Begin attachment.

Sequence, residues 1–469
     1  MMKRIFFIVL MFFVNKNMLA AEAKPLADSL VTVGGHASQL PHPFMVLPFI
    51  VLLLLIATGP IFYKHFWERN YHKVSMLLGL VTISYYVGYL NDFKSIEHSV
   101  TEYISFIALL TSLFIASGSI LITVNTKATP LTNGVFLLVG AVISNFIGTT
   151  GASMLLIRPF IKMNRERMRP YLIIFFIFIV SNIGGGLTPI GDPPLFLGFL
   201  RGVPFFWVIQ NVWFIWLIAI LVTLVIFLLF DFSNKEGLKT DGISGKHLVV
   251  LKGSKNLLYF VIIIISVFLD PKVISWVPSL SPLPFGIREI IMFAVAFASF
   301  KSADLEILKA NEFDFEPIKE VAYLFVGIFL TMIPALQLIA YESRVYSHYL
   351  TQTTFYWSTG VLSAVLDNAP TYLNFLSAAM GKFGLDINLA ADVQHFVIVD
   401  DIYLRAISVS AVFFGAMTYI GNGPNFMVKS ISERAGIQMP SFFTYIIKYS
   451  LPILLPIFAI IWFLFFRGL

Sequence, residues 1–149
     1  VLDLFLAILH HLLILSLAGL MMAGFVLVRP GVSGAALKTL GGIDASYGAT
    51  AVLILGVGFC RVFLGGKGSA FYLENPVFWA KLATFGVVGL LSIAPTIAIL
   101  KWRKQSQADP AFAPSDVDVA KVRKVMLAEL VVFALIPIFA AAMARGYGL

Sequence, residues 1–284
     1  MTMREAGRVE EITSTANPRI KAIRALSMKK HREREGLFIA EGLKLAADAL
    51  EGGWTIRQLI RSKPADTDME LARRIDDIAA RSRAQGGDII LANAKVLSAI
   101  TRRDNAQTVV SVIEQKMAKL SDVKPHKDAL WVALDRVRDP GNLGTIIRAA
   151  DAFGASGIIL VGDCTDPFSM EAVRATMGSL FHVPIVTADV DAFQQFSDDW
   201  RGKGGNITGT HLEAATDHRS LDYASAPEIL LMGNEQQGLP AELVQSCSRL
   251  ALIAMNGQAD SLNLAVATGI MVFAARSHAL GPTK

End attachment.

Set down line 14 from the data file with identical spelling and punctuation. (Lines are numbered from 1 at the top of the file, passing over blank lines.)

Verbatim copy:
    51  AVLILGVGFC RVFLGGKGSA FYLENPVFWA KLATFGVVGL LSIAPTIAIL